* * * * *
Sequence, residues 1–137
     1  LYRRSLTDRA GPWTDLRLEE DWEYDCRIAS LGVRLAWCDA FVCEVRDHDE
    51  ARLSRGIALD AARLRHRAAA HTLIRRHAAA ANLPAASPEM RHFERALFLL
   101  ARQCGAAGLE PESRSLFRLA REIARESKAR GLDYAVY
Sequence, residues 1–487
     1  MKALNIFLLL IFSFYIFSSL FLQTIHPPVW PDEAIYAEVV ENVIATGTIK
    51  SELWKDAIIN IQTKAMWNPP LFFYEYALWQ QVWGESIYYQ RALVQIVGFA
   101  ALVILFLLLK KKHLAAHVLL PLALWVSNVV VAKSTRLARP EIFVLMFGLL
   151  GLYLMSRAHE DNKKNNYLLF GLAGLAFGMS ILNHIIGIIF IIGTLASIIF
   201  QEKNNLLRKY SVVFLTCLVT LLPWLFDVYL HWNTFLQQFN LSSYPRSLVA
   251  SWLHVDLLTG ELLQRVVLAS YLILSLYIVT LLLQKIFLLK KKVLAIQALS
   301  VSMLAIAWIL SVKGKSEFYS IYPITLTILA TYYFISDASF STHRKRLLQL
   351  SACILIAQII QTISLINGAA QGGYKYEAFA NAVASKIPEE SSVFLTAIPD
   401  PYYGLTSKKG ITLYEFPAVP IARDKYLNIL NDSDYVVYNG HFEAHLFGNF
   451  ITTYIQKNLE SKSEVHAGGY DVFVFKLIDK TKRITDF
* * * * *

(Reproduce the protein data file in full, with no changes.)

Sequence, residues 1–137
     1  LYRRSLTDRA GPWTDLRLEE DWEYDCRIAS LGVRLAWCDA FVCEVRDHDE
    51  ARLSRGIALD AARLRHRAAA HTLIRRHAAA ANLPAASPEM RHFERALFLL
   101  ARQCGAAGLE PESRSLFRLA REIARESKAR GLDYAVY
Sequence, residues 1–487
     1  MKALNIFLLL IFSFYIFSSL FLQTIHPPVW PDEAIYAEVV ENVIATGTIK
    51  SELWKDAIIN IQTKAMWNPP LFFYEYALWQ QVWGESIYYQ RALVQIVGFA
   101  ALVILFLLLK KKHLAAHVLL PLALWVSNVV VAKSTRLARP EIFVLMFGLL
   151  GLYLMSRAHE DNKKNNYLLF GLAGLAFGMS ILNHIIGIIF IIGTLASIIF
   201  QEKNNLLRKY SVVFLTCLVT LLPWLFDVYL HWNTFLQQFN LSSYPRSLVA
   251  SWLHVDLLTG ELLQRVVLAS YLILSLYIVT LLLQKIFLLK KKVLAIQALS
   301  VSMLAIAWIL SVKGKSEFYS IYPITLTILA TYYFISDASF STHRKRLLQL
   351  SACILIAQII QTISLINGAA QGGYKYEAFA NAVASKIPEE SSVFLTAIPD
   401  PYYGLTSKKG ITLYEFPAVP IARDKYLNIL NDSDYVVYNG HFEAHLFGNF
   451  ITTYIQKNLE SKSEVHAGGY DVFVFKLIDK TKRITDF